As of Monday, October 2, 2017
WASHINGTON, D.C. The Bureau of Land Management has announced a new initiative to provide grazing permit holders an unprecedented level of flexibility in the management of livestock while also protecting the public lands.
This effort emphasizes the Trump Administration’s goal of promoting shared conservation stewardship of public lands while supporting uses such as grazing.
“Farmers and ranchers know the wildlife and the land they work better than anyone. It only makes sense that we would enlist them in conservation efforts,” Department of the Interior Secretary Ryan Zink said.
“One of my top goals is for the government to be a better neighbor, land manager, and partner. I think it’s is a great step in that direction. I applaud the team at BLM for coming up with this innovative program.”
Under the demonstration program, the Bureau will work with grazing permittees and other stakeholders in identifying 6 to 12 Outcome-Based Grazing Authorizations in its first year.
Grazing authorizations typically emphasize process and prescription. The new authorizations will instead emphasize ecological outcomes, allowing livestock operators more flexibility to make adjustments in response to changing
conditions such as drought or wildland fire.
The idea is intended to develop and determine the effectiveness of permits to manage livestock grazing on public lands for both natural resource and operational objectives, officials said.
“This initiative is in line with the administration’s priority promoting shared stewardship of public lands and giving local stakeholders a say in how these lands are managed,” acting Bureau Director Michael D. Nedd said. “This demonstration project will allow permittees and the BLM to work together more efficiently and effectively to support sustainable grazing operations.”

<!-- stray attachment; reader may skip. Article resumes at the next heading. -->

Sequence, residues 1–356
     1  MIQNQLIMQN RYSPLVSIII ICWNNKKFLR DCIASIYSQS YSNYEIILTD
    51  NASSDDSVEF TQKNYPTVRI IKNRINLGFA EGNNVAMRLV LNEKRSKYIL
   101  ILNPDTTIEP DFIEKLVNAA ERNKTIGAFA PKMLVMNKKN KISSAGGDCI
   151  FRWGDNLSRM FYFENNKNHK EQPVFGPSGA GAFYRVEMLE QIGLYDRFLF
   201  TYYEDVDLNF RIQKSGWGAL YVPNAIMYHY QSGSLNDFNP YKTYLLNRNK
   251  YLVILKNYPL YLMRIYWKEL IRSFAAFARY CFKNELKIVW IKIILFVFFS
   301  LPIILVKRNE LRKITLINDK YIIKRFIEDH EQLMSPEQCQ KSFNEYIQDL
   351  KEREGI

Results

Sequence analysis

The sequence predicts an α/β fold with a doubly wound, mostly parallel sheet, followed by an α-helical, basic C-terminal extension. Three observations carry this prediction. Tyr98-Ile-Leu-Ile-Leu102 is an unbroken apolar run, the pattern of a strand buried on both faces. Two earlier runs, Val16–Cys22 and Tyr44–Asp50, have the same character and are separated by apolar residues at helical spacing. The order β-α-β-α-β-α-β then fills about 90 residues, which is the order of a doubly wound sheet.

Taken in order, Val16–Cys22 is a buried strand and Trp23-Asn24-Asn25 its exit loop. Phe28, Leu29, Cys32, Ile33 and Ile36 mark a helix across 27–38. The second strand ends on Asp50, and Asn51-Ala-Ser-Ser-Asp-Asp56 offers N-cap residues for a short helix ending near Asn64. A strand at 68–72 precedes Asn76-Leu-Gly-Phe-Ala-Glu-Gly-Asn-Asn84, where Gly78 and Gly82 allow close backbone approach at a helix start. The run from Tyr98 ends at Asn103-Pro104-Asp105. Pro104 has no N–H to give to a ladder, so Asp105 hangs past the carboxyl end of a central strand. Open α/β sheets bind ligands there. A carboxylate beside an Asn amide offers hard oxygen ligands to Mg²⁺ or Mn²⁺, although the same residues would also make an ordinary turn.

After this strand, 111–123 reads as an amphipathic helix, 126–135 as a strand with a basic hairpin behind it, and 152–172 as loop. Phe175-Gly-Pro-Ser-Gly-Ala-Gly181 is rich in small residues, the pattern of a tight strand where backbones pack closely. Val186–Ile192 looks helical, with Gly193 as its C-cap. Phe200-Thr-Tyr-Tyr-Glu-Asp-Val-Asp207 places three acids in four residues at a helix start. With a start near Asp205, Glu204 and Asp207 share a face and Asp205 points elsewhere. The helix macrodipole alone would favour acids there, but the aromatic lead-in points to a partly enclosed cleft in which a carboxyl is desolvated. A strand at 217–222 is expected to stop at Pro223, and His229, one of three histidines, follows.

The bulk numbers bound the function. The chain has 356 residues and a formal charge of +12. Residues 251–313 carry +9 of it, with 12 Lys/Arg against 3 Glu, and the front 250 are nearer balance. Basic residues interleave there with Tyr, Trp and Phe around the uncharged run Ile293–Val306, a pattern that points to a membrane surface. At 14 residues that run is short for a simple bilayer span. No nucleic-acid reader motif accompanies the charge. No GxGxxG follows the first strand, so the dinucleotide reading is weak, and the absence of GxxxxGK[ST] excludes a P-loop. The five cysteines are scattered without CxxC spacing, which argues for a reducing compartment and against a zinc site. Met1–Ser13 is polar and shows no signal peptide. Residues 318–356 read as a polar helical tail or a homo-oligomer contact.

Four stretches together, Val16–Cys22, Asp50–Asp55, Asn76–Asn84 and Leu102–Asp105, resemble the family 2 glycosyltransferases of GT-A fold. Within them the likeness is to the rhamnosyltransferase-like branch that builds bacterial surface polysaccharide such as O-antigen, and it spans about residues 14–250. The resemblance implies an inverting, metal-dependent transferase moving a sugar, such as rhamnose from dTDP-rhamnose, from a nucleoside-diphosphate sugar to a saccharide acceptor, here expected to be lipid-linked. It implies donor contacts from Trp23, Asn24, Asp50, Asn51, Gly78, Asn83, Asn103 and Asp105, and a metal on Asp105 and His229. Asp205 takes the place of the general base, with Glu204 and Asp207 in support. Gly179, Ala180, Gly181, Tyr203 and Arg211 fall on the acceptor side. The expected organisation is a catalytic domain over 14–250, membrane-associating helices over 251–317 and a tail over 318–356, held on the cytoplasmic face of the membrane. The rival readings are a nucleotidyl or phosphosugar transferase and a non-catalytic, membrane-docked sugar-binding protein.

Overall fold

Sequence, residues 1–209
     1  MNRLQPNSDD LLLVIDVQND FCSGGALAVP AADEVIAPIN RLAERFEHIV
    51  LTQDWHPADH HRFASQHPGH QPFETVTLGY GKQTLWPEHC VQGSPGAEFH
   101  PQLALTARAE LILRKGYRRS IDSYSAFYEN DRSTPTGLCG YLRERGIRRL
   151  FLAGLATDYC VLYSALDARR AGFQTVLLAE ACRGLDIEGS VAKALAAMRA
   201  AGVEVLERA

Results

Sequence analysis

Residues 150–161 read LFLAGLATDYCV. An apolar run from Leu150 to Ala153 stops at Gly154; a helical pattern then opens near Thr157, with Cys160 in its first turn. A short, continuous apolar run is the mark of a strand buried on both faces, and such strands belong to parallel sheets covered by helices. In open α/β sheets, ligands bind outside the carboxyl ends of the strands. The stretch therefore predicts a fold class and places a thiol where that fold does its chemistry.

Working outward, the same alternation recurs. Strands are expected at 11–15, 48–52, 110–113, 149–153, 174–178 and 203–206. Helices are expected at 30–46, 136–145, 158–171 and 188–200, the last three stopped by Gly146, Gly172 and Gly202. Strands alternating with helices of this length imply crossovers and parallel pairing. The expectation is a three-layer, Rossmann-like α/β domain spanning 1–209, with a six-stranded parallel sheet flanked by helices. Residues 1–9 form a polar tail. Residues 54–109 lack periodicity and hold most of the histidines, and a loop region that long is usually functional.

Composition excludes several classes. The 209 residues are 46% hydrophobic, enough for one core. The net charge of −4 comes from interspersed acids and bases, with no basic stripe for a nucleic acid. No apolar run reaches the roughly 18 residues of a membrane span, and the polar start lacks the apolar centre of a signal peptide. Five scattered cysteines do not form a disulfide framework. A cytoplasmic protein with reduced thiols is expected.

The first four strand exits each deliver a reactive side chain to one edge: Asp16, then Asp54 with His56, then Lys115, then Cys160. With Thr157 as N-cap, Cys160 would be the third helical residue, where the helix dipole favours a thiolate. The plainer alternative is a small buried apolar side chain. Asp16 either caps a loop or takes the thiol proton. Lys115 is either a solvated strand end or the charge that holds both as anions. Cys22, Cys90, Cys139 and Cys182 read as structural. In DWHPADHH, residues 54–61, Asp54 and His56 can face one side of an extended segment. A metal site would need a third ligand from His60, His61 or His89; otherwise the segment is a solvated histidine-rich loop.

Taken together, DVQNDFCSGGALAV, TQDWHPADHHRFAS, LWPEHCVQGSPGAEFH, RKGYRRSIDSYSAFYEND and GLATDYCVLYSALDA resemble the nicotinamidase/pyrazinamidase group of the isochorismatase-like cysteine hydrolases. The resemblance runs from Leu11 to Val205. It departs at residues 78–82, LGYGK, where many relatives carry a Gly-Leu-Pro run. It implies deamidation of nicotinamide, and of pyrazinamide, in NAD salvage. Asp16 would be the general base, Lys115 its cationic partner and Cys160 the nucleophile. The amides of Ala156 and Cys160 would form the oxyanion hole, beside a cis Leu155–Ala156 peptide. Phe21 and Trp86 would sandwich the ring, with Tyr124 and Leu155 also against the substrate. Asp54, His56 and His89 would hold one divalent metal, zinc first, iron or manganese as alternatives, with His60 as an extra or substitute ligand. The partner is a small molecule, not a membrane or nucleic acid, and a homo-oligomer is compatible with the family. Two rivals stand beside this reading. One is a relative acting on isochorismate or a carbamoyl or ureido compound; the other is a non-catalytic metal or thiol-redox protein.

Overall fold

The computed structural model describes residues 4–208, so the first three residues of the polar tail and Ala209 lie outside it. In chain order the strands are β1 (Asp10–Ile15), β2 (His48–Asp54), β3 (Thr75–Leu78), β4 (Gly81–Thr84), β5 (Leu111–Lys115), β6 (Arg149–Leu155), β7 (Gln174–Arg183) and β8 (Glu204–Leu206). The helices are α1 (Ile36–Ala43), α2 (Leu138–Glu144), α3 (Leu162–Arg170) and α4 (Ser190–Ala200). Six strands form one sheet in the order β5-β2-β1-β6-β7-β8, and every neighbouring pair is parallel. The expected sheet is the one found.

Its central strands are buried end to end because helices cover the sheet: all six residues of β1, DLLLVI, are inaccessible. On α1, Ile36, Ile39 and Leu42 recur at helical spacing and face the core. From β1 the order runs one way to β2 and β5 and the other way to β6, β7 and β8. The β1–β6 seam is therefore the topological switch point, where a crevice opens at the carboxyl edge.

The new authorizations emphasize conservation performance, ecological outcomes and cooperative management of public lands providing greater opportunity for an operator to manage ranching operations that are economically and environmentally sustainable.
Land Management and its partners in the grazing community will share experiences and best practices that will determine if additional authorizations can be successful in the future.
The Bureau administers nearly 18,000 permits and leases held by ranchers who graze their livestock (mostly cattle and sheep) on more than 21,000 allotments.
Livestock grazing occurs on 155 million acres of public lands. The Bureau will solicit project proposals through its state offices with a deadline of Oct. 13.